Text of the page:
Background: Neonatal sepsis with its high mortality rate still remains a diagnostic and treatment challenge for neonatal health care providers. Sepsis represents an oxidative stress condition when occurs in neonates due to rapid changes in tissue oxygen concentrations with immature antioxidant mechanisms. We aimed to study the serum levels of oxidants and antioxidants among term neonates with sepsis.
Patients and methods: A case-control study included 60 full term newborns with sepsis in addition to 30 healthy newborns as controls, recruited from NICU of Pediatric Department, Al-Azhar University Hospital, Assiut, Egypt. Full history, thorough clinical examination, Complete blood count (CBC), Erythrocyte sedimentation rate (ESR), C-reactive protein (CRP), and blood culture were performed to all included patients. Serum levels of nitric oxide, malondialdehyde (MDA) and total antioxidant capacity (TAO) were assayed in all included neonates using colorimetric methods.
Results: The overall results showed statistically significant higher serum levels of MDA and NO with lower TAO levels among septic neonates when compared with the controls (p value<0.05) for both. Additionally, all the previously measured biochemical oxidative stress markers didn't show significant differences between early and late onset septic groups. Serum NO, MDA and TAO levels at cut-off points (0.514 μmol/l, 0.399 nmol/ml, and 0.591 mm/l respectively) showed high sensitivity (96.4%, 95%, and 98.8% respectively) and specificity (93%, 92% and 94% respectively). White blood cell counts were negatively correlated to TAO (r=-0.25, p<0.01) and positively correlated to MDA in a statistically significant manner among septic neonates (r=0.34, p<0.001).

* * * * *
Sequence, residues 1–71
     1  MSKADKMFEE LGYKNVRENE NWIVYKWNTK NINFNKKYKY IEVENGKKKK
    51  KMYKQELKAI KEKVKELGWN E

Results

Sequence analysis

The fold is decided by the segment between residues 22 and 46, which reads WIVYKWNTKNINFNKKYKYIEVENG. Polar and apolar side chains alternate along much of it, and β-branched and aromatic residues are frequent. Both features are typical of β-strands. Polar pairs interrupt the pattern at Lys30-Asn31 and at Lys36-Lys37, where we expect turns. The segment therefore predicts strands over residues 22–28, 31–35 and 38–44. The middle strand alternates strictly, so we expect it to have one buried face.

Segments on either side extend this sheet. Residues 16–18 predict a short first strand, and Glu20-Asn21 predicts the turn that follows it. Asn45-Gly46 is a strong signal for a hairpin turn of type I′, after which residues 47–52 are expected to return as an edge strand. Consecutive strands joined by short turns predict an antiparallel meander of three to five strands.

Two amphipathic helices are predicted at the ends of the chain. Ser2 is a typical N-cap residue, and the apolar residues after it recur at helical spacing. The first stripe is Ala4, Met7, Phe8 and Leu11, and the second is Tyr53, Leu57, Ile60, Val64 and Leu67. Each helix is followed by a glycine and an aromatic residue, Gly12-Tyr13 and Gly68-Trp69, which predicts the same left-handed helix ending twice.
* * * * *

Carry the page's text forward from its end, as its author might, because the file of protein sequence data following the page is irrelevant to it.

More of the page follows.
Conclusion: There is strong evidence of involvement of oxidative stress in neonatal sepsis, mainly NO, MDA and TAO, and could be helpful in its diagnosis. Also, targeting of therapeutic strategies towards the pro-oxidant pathways may be beneficial in neonatal sepsis.